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O SON OF THE SUPREME!
I have made death a messenger of joy to thee. Wherefore dost thou grieve? I made the light to shed on thee its splendor. Why dost thou veil thyself therefrom?
O SON OF SPIRIT!
With the joyful tidings of light I hail thee: rejoice! To the court of holiness I summon thee; abide therein that thou mayest live in peace for evermore.
O SON OF SPIRIT!
The spirit of holiness beareth unto thee the joyful tidings of reunion; wherefore dost thou grieve? The spirit of power confirmeth thee in His cause; why dost thou veil thyself? The light of His countenance doth lead thee; how canst thou go astray? – Baha’u’llah, The Hidden Words, pp. 11-12.
Everyone gets one life and one death.
My dear friend Truitt White reached his death a few weeks ago. We had a memorial service for him at the Los Angeles Baha’i Center. Truitt was relatively young, but he had packed a great deal into his life in this material world. As a Baha’i, Truitt exemplified what Abdu’l-Baha meant when he urged all people to become “world citizens” – he lived in many different places around the world, and enriched those places with his beaming smile, his gentle manner and his beautiful character.
If I had to pick one word to describe Truitt, I think it might be sweet. And I don’t mean that artificial sweetener, syrupy kind of sweet, either – Truitt was truly and naturally sweet. He had a loving aspect, if you know what I mean. When you first met Truitt, the sparkle in his eyes told you that he loved humanity. He had an easy smile, loved a good joke, and lit up when somebody raised the topic of spirituality.
Truitt spent his life educating children, and when you saw him in large groups of kids, you knew they felt his loving, sweet spirit, too.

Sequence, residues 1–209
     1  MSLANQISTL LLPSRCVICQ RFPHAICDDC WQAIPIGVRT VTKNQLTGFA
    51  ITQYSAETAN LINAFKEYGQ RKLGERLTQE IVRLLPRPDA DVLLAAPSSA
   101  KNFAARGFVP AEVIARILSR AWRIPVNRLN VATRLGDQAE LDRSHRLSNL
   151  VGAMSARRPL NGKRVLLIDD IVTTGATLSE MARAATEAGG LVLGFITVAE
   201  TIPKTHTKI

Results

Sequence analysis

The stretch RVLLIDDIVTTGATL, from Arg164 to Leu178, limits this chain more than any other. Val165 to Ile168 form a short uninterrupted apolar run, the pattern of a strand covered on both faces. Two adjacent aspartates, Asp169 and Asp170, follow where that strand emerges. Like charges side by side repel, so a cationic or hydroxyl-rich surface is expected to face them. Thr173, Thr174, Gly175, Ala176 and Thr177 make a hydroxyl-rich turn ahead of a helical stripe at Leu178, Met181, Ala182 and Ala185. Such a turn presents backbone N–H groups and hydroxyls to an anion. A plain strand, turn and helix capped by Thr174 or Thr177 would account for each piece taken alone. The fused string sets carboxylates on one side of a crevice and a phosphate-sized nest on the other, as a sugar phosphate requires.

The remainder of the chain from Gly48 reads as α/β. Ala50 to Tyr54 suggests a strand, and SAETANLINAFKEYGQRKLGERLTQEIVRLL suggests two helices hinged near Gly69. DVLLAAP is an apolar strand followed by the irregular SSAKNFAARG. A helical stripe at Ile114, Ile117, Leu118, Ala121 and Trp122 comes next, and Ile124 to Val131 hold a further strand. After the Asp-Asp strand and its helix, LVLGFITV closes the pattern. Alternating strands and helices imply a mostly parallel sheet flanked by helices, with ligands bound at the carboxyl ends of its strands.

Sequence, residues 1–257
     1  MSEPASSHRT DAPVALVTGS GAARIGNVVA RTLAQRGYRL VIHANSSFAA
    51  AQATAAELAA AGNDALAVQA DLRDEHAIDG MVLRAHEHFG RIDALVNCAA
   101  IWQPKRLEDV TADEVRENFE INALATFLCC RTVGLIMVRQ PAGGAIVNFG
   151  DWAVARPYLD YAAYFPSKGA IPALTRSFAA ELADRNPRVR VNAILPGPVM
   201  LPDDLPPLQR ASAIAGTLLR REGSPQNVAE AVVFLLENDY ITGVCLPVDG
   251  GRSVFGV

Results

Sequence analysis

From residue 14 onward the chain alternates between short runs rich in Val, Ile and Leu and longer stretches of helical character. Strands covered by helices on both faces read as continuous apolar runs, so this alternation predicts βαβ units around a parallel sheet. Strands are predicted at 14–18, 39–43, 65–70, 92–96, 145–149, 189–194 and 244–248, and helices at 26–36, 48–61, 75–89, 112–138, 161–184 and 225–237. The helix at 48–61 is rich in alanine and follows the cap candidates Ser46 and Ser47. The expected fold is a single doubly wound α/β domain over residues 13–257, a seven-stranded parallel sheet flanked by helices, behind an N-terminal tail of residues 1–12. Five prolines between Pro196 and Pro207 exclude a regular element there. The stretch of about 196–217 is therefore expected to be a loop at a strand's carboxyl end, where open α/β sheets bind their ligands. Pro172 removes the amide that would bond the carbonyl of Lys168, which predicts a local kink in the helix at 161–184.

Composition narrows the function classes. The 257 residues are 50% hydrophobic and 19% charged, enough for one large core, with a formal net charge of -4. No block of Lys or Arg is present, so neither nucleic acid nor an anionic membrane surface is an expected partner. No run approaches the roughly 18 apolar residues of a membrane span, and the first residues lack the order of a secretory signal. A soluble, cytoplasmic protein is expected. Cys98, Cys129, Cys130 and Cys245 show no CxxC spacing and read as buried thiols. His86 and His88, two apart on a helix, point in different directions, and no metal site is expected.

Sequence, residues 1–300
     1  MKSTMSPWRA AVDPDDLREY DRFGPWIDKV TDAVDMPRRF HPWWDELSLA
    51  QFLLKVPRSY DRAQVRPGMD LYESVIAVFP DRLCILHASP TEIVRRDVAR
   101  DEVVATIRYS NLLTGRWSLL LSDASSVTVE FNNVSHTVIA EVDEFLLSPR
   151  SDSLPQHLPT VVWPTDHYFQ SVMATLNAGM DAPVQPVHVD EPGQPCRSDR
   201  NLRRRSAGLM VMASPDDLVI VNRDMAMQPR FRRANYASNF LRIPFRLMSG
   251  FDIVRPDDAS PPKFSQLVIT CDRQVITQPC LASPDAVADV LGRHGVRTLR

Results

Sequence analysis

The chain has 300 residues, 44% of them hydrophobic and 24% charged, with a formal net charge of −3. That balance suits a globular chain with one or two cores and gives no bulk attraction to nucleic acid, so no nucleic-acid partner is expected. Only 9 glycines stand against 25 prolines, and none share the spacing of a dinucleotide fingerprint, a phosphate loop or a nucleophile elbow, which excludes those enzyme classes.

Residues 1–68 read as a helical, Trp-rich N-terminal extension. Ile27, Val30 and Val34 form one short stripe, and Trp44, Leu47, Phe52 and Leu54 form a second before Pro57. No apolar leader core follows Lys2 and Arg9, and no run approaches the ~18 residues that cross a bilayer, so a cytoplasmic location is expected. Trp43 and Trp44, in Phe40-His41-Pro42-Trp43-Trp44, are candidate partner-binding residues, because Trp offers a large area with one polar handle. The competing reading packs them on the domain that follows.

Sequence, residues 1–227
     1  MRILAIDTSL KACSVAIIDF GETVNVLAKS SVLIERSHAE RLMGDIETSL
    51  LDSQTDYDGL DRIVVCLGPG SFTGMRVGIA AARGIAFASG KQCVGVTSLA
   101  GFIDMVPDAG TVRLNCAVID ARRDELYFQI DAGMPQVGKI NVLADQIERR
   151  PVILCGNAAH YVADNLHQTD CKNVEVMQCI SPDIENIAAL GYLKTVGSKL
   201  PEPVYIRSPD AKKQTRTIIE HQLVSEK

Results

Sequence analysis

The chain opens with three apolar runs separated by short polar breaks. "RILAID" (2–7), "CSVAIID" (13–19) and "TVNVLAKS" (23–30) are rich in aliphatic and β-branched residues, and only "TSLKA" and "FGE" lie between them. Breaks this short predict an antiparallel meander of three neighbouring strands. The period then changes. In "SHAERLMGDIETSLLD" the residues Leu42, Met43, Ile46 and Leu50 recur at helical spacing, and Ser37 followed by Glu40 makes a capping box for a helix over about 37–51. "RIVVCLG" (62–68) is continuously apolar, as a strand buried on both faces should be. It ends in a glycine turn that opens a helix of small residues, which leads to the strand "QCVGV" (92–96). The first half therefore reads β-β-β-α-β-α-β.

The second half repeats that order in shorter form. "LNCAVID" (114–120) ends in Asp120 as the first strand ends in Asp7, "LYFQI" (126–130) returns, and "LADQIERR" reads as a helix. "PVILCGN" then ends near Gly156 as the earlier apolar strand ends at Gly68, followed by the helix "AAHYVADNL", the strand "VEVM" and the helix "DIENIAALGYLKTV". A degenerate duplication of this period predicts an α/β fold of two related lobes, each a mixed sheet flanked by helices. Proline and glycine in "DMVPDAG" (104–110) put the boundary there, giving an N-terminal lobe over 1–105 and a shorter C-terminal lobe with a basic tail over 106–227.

His memorial service moved us all. Many hundreds of people gathered, and it looked like the United Nations. People from just about every racial, religious and ethnic group you can imagine attended. And they didn’t just show up – they cried and sang and celebrated Truitt’s wonderful life. We sung gospel songs and Baha’i prayers. We laughed and talked and ate and socialized and got to know new friends in a spirit of loving, kind fellowship.
And I realized, about halfway through the service, that Truitt had left a legacy of joy in the world. His children and his grandchildren, both biological and spiritual, all mourned their great loss. But they also, at the same time, fondly remembered Truitt’s happiness in this life and his eager anticipation of the joy that awaited him in the next one.
His friends all over the world lamented his absence while they cheered his presence. We prayed for the progress of his luminous soul on its journey to the great mystical destination we all have in common.
Truitt loved the three short passages above, perhaps some of the most well-known and most-memorized of all of Baha’u’llah’s writings in the Hidden Words, this small, powerful book of spiritual aphorisms. The joy that Truitt felt in this life, he told me once, could only increase in the next world. Truitt knew, deep down in his soul, that his death would be a bridge to enormous happiness and freedom, to the court of holiness.
That promise – the very core of all faith – simply assures us that this existence is not the end. When Baha’u’llah says “I have made death a messenger of joy” it gives us not just solace but hope; not just comfort but love; not just a wish but a promise of reunion and light and eternal delight.
Godspeed, my friend.